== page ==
Margarine is one of the most evil innovations in the food industry.
Aside from being man-made, the manufacturers make claims about cholesterol reduction and push the ‘heart health’ fabrications. They advertise as healthier alternatives to butter.
Margarine is hydrogenated vegetable oil, artificially saturating the unsaturated fats, which makes it solid. After hydrogenation, margarine is WHITE. The yellow dye is added to make it look more edible.
At one point, it was legally required to dye margarine pink in the USA and NZ to highlight how filthy, abhorrent and DISGUSTING it is. (As you can tell, I really hate margarine).
The problem with the hydrogenation process is that it forms artery-clogging trans-fats that increase LDL (bad cholesterol) and reduce HDL (good cholesterol)(1). This increases your risk of coronary heart disease, and trans-fat consumption is a very powerful predictor of obesity in adults. There is evidence to suggest that trans-fats lay down a denser form of subcutaneous and visceral bodyfat around the belly that is much harder to shed than normal bodyfat. This lays down around your belly and internal organs, around your liver. This is not a good thing.
So now that we’ve examined margarine, lets take a look at its healthy nemesis, butter.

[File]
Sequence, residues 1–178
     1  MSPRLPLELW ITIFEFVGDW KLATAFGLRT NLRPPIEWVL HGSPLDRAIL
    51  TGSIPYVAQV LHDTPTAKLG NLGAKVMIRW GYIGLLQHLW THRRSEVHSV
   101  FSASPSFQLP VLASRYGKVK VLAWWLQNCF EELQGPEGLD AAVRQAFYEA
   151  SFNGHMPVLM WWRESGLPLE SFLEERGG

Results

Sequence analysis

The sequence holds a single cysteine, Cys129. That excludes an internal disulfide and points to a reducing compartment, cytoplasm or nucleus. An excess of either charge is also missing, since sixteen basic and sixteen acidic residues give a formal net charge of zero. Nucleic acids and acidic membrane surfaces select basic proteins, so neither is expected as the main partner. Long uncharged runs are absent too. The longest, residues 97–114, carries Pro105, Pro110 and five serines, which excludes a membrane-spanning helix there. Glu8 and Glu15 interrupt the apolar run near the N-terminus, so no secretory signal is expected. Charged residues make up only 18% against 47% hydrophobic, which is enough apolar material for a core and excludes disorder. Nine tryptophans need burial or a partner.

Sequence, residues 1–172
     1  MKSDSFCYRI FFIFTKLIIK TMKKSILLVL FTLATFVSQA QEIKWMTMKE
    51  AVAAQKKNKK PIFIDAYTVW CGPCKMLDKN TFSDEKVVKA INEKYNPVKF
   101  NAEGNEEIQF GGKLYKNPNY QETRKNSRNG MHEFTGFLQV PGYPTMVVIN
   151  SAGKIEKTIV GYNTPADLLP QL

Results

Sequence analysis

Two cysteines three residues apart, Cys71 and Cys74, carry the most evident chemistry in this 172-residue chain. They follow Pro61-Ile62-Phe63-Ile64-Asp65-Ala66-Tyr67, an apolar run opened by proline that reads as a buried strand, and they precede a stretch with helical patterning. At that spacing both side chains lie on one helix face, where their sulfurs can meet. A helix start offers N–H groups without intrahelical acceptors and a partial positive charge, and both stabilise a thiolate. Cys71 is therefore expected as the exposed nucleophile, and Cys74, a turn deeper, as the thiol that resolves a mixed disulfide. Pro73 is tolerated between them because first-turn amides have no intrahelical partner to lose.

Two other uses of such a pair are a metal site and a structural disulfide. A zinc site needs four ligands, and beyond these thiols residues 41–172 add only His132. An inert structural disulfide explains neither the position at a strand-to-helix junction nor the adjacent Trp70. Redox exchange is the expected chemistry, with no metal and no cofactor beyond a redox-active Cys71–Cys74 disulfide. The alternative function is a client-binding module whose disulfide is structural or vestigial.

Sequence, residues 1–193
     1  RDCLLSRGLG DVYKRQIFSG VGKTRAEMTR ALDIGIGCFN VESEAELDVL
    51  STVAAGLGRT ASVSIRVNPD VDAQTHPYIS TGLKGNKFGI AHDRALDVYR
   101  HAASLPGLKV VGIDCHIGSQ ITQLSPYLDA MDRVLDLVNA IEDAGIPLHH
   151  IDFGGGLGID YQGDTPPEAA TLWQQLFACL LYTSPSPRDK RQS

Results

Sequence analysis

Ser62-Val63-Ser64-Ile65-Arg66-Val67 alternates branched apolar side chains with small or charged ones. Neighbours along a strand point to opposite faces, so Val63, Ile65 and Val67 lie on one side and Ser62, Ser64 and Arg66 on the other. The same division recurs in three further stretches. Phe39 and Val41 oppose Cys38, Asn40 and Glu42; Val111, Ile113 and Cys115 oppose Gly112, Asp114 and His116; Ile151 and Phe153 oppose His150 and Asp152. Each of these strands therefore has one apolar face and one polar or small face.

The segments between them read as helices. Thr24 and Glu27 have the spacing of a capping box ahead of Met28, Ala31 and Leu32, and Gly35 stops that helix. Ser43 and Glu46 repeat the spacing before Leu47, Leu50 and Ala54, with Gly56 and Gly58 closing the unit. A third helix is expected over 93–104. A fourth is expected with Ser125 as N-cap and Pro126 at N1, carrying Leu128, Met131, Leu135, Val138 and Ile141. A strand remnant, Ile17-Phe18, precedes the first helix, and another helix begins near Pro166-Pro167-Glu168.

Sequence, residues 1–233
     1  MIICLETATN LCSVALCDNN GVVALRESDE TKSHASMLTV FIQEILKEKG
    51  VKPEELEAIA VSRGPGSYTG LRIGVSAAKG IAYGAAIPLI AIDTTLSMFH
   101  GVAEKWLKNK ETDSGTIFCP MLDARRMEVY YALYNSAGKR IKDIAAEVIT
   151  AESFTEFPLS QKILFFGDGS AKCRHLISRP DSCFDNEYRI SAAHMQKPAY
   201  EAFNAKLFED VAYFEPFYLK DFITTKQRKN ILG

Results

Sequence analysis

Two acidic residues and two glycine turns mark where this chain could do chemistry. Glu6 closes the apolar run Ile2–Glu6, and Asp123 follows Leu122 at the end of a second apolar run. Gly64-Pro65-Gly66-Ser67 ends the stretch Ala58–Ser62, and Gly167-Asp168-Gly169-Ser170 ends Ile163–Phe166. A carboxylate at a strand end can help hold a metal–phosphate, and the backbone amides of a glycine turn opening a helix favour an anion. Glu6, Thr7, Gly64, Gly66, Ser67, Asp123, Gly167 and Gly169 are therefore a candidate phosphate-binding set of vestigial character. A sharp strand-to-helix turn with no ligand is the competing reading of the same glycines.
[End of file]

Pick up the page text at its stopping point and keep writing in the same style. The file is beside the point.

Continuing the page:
Butter comes from the udder of a cow. You make it by shaking cream for a while. No hydrogenation here.
A claim that smug margarine manufacturers can make is that butter contains 40% more saturated fat (+3g per 100g). Because saturated fat is incorrectly more ‘infamous’ than trans-fats, they can get away with this.
Benefits of saturated fat
- Saturated fat is useful for the production of testosterone, which helps you gain muscle and lose fat. (3)
- 50% of your cell membranes comprise of saturated fatty acids. Saturated fat intake is involved with cell reparation.
- Protective role, including boosting the immune system and protecting your liver from alcohol.
A study of 348,000 people found no statistically significant link between cardiovascular disease and saturated fat intake. Mediterranean diets with high dairy and olive-oil intake produce ‘exceptionally low’(2) death rates from heart disease, and lower depression rates.
Eat your butter.
1: Food and nutrition board, institute of medicine of the national academies (2005). Dietary Reference Intakes for Energy, Carbohydrate, Fiber, Fat, Fatty Acids, Cholesterol, Protein, and Amino Acids (Macronutrients). National Academies Press. p. 504.
2: “Coronary heart disease in seven countries”. Circulation 41 (4 Suppl): I1–211. April 1970
3: Mary Enig, pHD – The truth about saturated fats.
* Disclaimer: Don’t ACTUALLY eat butter. Cook with it or something.